Ninefox Gambit by Yoon Ha Lee confused me so much that I cannot even explain the cover of this book to you. Does it fit with the story? I don't know. I mean, the story takes place in space, so that part is accurate. But what is the spiky thing that dominates the image? I don't know.
As far as I can tell, Ninefox Gambit is set in a civilization that really likes order. There appears to be a massive mathematical algorithm (the "calendar") that oversees every tiny thing, especially in the military. Possibly people exist outside of the military, but it is hard to tell. There is also a very rigid caste system in place, with different groups of people going into different areas of study and conforming to very specific traits. The main character, Cheris, is in the military leading her team and somehow goes against the calendar. This means she's in trouble and she's given a very big, basically impossible task to go kill some heretics, for which she asks for help from this undead ghost who won every battle he ever fought, except he also turned traitor and got an obscene number of people killed.
There was a lot in this book that I did not understand. This book is like all my fears and feelings of intimidation about science fiction coming to fruition. Once I got to the end and things started moving a little faster and became more people-focused than calendar-focused (I still cannot grasp this calendar system, and it DRIVES ME CRAZY), I got more into it. And it certainly ends on a high note that bodes well for the series to follow. So I eventually got the high-level plot, but I could tell you nothing about the setting.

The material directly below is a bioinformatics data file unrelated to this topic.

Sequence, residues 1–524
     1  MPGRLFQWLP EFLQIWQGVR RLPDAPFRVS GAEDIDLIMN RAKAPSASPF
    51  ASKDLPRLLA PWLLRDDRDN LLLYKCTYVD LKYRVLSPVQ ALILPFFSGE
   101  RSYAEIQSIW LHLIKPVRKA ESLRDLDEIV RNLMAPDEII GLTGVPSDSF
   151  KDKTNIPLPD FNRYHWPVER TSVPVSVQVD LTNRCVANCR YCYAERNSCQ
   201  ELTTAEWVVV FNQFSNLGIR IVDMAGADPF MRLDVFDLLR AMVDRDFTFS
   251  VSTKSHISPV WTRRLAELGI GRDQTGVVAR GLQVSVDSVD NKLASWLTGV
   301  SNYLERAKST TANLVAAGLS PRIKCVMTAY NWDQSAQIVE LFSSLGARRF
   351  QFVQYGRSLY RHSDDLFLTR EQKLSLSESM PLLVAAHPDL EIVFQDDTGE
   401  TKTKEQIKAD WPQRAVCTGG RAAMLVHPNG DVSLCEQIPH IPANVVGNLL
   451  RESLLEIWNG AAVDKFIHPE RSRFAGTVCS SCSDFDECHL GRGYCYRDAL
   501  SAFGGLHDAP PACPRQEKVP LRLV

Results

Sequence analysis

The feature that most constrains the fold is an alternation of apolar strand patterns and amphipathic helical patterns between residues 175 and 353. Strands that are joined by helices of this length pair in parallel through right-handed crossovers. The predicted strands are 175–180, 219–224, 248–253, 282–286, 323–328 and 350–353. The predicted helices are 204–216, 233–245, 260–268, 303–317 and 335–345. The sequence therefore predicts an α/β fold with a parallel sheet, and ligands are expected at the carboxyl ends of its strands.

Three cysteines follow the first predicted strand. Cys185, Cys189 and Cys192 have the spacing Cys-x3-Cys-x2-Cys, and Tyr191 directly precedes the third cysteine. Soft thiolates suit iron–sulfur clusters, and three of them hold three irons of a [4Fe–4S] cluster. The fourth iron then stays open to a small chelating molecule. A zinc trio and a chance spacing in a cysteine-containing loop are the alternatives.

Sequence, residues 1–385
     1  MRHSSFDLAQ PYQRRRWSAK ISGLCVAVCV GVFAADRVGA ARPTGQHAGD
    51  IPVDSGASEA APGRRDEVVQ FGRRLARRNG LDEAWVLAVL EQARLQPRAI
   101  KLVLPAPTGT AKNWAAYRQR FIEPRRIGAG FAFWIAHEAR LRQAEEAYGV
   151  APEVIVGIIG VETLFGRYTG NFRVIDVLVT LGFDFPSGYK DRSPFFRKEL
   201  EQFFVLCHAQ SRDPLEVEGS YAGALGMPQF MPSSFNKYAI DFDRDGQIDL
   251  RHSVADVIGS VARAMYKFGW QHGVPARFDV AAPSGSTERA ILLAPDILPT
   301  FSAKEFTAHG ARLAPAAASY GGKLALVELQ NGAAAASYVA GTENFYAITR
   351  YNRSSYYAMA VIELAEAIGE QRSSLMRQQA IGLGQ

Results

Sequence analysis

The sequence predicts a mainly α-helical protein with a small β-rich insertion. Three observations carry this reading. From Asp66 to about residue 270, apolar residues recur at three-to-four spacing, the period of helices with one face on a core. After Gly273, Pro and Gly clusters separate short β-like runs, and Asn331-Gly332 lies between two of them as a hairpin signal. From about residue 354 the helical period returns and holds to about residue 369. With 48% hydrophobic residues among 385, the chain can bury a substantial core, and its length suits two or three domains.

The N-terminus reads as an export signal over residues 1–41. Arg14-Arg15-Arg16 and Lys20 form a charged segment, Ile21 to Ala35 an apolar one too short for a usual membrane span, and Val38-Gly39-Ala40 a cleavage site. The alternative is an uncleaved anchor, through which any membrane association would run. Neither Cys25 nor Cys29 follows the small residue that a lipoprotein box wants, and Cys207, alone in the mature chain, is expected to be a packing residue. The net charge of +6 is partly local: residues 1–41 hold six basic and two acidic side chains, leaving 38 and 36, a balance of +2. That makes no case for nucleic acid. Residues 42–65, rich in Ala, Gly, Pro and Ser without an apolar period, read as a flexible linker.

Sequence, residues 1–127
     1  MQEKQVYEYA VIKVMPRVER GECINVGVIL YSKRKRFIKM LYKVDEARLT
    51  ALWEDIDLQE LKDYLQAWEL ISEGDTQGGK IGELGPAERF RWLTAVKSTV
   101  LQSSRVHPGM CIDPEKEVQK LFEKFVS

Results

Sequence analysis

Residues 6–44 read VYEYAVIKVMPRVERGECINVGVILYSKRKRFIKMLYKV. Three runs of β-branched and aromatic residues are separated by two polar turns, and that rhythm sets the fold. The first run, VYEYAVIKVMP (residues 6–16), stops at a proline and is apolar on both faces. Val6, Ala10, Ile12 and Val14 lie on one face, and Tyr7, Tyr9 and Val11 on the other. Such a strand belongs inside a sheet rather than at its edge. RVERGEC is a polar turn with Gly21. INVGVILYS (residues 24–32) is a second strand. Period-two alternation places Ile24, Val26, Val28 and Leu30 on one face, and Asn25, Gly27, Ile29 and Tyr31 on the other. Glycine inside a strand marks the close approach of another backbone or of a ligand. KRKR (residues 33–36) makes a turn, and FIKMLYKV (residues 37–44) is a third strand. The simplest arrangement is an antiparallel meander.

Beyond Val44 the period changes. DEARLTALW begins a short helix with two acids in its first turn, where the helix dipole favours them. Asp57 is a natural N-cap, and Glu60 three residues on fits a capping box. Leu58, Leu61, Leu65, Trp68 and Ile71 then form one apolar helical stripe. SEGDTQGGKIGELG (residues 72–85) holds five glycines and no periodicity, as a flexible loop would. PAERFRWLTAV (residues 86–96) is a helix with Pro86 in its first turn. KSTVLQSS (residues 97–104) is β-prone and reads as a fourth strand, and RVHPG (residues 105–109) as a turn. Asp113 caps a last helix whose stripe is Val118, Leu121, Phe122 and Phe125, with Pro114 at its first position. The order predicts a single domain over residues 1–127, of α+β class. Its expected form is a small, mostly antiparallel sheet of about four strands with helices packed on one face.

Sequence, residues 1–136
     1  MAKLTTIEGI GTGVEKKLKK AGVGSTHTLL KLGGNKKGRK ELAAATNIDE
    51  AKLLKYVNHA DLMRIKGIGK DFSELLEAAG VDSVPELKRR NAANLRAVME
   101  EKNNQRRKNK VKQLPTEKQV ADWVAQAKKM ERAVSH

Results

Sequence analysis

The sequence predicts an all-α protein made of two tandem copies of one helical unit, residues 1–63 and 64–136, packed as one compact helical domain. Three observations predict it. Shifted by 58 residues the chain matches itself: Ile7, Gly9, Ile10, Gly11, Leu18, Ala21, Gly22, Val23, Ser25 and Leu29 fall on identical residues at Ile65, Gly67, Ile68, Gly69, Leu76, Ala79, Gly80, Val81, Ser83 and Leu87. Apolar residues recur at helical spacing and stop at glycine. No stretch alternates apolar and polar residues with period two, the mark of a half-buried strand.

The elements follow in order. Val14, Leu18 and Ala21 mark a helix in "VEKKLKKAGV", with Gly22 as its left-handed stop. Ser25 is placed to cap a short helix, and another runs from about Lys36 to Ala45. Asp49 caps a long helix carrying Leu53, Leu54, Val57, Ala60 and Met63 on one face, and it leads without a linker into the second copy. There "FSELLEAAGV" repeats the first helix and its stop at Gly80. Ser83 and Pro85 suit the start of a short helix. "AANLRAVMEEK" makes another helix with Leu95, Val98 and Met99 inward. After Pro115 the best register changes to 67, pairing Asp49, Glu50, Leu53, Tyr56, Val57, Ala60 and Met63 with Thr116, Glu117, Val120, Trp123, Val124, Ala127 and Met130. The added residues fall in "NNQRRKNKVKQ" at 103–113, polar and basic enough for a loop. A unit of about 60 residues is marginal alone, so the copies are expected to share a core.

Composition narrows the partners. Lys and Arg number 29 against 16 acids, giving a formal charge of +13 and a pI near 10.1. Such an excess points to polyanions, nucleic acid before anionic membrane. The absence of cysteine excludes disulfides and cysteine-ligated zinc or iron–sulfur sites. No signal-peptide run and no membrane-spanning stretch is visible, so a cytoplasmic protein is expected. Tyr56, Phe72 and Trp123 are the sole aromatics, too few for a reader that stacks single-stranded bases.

Midnight Robber, so I decided to give Sister Mine a go. Many of the same elements that I loved in Midnight Robber are present here - a strong cultural identity, humor, and fantastic female characters at the center. Sister Mine is often compared to American Gods or Anansi Gods because it is about a family of demigods. But whereas Neil Gaiman's book is almost entirely about men, Hopkinson's puts women very much at the center of the story. She plays with gender, sexuality, and many other themes while she wreaks havoc with the lives of both humans and gods.
I listened to Sister Mine on audio, and the narrator is excellent. I don't listen to many audiobooks any more, but I was pretty much instantly drawn into this one. I enjoyed many things about this story, but parts of it were just a bit too out there for me, particularly towards the end when things became very convoluted to me. I really liked many of the characters in this book, but with about two hours to go, I was just ready for the book to end. There were plot points that came up that didn't make a ton of sense to me or fit into the rest of the story, and then there was this whole section at the end that I was just... I don't know what was happening. I feel like maybe if I were reading a physical copy of the book instead of listening to an audiobook, it would have been easier for me to understand what was happening. Or maybe I'm just so confused by the real world that fantastical and science fiction worlds go too far for me. Regardless, this was a lighter book than Midnight Robber for sure, with humor and pretty great family dynamics. So if you want to give Hopkinson a try but don't want all the heavy stuff, this could be a good one to start with. But I wouldn't say it's as strong as Midnight Robber.